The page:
Carers Week surveyed 2,115 carers between March and May 2013. The majority of respondents completed the survey online, with eight respondents completing paper versions. 1,303 of the respondents were from England, 75 from Northern Ireland, 151 from Scotland and 92 from Wales (the remainder did not state their location).

Notes for editors:

  1. Carers Week is delivered by a partnership of national charities – Age UK, Carers Trust, Carers UK, Independent Age, Macmillan Cancer Support, Marie Curie Cancer Care, MS Society, Parkinson’s UK and supported by the Stroke Association and Bupa’s Carewell. In 2013 it is sponsored by Sainsbury’s Plc and the sector skills council in England Skills for Care.
  2. Carers Week takes place to recognise and celebrate the UK’s 6.5 million carers and encourage them to access the support, advice and information they need that can help improve their lives and the people they care for.
  3. Over 2,300 organisations take part in Carers Week, including local charities and voluntary organisations, hospitals, hospices and care homes and a growing number of employers.

Carers UK has responded to figures published today by the Health and Social Care Information Centre showing 65% of carers receiving social care support were satisfied with the services they and their families received.

1 in 4 baby boomer women caring as generation struggles with work-life-care balance

1.3 million over-65s caring for disabled or older loved ones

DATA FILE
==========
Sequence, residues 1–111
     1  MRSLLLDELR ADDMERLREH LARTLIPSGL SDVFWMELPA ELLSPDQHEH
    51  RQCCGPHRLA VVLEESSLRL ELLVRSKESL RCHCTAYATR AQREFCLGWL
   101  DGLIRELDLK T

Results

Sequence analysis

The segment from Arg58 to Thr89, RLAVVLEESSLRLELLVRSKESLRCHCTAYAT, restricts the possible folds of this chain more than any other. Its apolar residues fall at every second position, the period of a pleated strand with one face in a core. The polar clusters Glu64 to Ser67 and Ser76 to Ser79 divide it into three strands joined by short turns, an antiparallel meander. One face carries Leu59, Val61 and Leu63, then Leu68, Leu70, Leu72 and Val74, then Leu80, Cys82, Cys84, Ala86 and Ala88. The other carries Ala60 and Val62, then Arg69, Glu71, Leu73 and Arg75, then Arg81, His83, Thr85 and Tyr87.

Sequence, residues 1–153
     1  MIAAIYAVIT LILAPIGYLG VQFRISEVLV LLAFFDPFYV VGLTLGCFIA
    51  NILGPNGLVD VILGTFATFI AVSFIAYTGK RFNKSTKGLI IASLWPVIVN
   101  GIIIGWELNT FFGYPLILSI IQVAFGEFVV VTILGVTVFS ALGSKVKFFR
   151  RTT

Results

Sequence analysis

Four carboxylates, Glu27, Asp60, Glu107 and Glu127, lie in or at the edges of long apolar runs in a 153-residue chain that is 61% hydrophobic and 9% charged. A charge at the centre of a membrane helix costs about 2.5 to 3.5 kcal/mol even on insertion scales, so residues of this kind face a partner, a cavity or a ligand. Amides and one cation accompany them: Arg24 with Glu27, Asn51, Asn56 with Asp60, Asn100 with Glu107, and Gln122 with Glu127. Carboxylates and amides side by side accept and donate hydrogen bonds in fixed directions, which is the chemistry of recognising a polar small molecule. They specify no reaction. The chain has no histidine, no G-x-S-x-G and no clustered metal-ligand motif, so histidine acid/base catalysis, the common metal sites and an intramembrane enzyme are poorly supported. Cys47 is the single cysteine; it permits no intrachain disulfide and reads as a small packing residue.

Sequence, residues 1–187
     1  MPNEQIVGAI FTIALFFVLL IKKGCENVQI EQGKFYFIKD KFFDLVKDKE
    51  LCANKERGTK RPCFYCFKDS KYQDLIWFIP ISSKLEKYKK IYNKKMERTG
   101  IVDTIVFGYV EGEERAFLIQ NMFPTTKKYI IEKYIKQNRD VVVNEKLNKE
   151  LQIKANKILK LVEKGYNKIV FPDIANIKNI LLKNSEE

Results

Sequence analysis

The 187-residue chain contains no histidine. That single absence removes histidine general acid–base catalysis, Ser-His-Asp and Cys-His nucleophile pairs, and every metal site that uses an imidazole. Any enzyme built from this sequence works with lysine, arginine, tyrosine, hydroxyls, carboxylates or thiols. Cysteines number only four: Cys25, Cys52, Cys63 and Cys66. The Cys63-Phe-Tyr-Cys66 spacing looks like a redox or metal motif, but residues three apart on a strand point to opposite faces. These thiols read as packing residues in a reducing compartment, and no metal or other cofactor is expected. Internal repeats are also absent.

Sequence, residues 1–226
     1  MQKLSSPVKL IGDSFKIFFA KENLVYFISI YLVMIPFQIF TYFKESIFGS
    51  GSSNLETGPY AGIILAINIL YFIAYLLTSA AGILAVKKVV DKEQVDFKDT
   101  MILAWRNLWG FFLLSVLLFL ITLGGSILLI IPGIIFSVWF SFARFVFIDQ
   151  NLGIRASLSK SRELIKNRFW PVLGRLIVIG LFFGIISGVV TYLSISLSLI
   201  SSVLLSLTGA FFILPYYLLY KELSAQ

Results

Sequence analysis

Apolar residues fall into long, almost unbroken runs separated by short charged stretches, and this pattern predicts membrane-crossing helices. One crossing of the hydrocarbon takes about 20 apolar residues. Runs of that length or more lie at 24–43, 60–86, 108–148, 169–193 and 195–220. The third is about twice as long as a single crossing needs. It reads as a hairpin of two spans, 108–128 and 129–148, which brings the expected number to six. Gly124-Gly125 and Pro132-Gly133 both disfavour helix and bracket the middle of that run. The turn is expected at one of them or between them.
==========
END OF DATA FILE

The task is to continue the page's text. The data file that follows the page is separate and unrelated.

Carers UK has welcomed the publication of the Care Bill – a landmark piece of legislation to consolidate social care law and new duties that pave the way for more modern support to help meet the needs of our changing society.

The Bill implements many of the recommendations from the Dilnot Commission on long-term care, including putting in place a cap on the amount of money individuals have to pay towards their care; and also includes increased rights for millions of unpaid carers across England.
A draft version of the Bill was published in July 2012 and was subject to scrutiny by a parliamentary committee of MPs and Peers (the Joint Committee on the Draft Care and Support Bill) and carers, older and disabled people’s organisations.

Carers UK has said that the Government has made important changes to the full Care Bill, published today (10th May 2013), which help improve families’ access to care and support services.

Carers UK had called for a boost to measures in the draft legislation to ensure that planning for care services were sufficient for disabled and older people and their families, particularly to help disabled people and carers work, train and learn.

Last year the charity supported Barbara Keeley MP to bring a Private Member’s Bill to Parliament which would have put in place this sufficiency of support duty. Although that Bill did not progress, its vision has now been accepted by the Government who have responded in the Care Bill, by placing a new requirement on local authorities to ensure there are sufficient care and support services to meet current and future needs. This would have a particular focus around work.